Lifting and carrying items are risky activities that we do as part of everyday life. Those who have to do it for work should receive manual handling training, but that doesn’t apply to everyone.
Whether it is taking the laptop and chargers to work, or extracting a solidly built baby from a cot, we all need to make sure that we work correctly against gravity.
Both in everyday life and in the gym, think about what you are doing before you move a weight. Is the item secure? Is it the weight that you expect? Where are you going to put it when it gets too heavy?
Lifting is done with legs, not back. Proper squat technique goes a long way towards correct lifting.
You may not be hiking for miles, but a bag full of laptop and gadgets, college books or baby gear (or the baby!) can make it feel that way. If you have to carry items regularly, prioritise function over fashion. A good backpack should have a correctly fitting hip belt to transfer the weight from your shoulders.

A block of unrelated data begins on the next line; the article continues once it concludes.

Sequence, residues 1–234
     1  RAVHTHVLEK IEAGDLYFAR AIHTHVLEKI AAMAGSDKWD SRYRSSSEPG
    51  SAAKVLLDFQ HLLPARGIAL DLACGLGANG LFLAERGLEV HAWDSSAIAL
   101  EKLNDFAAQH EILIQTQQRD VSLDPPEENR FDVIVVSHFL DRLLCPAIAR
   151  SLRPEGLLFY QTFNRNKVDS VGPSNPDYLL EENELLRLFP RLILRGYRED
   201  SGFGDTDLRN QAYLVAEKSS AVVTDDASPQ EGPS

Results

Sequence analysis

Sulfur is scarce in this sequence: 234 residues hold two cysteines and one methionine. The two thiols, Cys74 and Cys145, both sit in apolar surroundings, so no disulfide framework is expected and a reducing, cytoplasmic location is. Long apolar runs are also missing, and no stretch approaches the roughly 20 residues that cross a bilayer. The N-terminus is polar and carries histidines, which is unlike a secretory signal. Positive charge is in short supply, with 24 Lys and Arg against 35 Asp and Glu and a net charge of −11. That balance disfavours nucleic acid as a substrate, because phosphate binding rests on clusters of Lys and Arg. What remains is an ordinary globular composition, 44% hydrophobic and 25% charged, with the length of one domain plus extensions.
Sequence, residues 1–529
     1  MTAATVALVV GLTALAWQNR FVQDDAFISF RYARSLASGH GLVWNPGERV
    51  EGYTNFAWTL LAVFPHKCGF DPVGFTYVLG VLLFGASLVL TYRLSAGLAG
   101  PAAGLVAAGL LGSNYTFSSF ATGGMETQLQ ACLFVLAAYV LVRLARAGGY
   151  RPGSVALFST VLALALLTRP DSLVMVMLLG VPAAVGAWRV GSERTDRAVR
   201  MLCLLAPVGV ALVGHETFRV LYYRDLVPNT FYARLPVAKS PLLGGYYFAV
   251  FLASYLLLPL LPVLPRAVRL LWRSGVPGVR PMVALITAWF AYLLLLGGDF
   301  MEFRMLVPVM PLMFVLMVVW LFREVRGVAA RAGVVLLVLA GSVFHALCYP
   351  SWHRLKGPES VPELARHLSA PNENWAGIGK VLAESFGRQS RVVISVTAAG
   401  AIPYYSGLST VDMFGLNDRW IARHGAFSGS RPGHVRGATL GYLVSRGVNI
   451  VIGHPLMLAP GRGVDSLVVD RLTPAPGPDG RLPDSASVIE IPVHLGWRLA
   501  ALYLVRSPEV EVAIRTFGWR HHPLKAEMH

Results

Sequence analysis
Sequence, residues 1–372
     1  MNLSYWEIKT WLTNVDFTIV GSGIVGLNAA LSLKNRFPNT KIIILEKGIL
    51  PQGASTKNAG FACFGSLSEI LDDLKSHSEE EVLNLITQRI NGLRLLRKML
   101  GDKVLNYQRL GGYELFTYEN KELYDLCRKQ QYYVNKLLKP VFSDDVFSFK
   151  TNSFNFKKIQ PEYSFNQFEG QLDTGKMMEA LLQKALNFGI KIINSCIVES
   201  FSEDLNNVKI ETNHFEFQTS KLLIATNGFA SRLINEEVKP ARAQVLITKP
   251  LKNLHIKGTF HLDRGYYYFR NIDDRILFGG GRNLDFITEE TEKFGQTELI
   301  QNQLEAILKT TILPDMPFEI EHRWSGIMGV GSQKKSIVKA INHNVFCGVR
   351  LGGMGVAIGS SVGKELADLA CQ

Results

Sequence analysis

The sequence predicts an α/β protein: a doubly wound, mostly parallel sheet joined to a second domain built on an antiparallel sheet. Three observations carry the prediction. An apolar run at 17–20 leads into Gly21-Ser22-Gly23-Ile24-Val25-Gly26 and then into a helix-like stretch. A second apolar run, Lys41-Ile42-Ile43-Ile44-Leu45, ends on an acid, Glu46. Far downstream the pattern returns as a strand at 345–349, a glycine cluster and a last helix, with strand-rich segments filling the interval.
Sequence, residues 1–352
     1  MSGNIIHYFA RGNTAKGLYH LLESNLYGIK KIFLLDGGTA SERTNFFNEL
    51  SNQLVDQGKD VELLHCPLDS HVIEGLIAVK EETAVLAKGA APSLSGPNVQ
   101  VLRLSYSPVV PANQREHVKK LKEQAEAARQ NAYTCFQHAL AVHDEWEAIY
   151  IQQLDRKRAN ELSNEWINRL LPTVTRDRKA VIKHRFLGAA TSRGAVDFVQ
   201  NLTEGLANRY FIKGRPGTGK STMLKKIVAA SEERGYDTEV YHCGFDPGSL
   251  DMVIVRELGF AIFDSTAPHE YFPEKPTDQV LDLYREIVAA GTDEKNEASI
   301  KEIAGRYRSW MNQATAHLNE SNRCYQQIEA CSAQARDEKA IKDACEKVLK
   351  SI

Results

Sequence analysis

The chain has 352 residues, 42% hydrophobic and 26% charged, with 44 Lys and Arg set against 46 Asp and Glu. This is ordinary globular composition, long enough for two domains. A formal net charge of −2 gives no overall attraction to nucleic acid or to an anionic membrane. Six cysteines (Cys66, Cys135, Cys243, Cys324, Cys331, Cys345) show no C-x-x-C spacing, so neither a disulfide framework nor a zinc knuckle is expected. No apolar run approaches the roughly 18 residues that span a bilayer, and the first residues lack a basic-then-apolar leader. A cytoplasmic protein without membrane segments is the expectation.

Make sure the bag doesn’t waste weight on trimmings. If you are running or cycling, your requirements will be different to make sure that items don’t rattle about or affect balance.
‘Loaded carries’ are simple moves that really make a difference, so try these. Make sure your spine is neutral, your head up, your core engaged and your muscles warmed up. Gripping the weights tightly also engages muscles.
Moving stuff about is an inevitable part of life, so make sure that you are fit for it.
it isn't just women - I see some terrible lifting and carrying techniques at work, even among those allegedly trained. Be careful with the back, people - you only get one!
backpack hip belts make all the difference. As a chronic overpacker I always use a backpack for a weekend away - once it is on and adjusted I hardly notice it. I see so many women with fashion backpacks, even a laptop is clearly a strain with those. Go for function not form!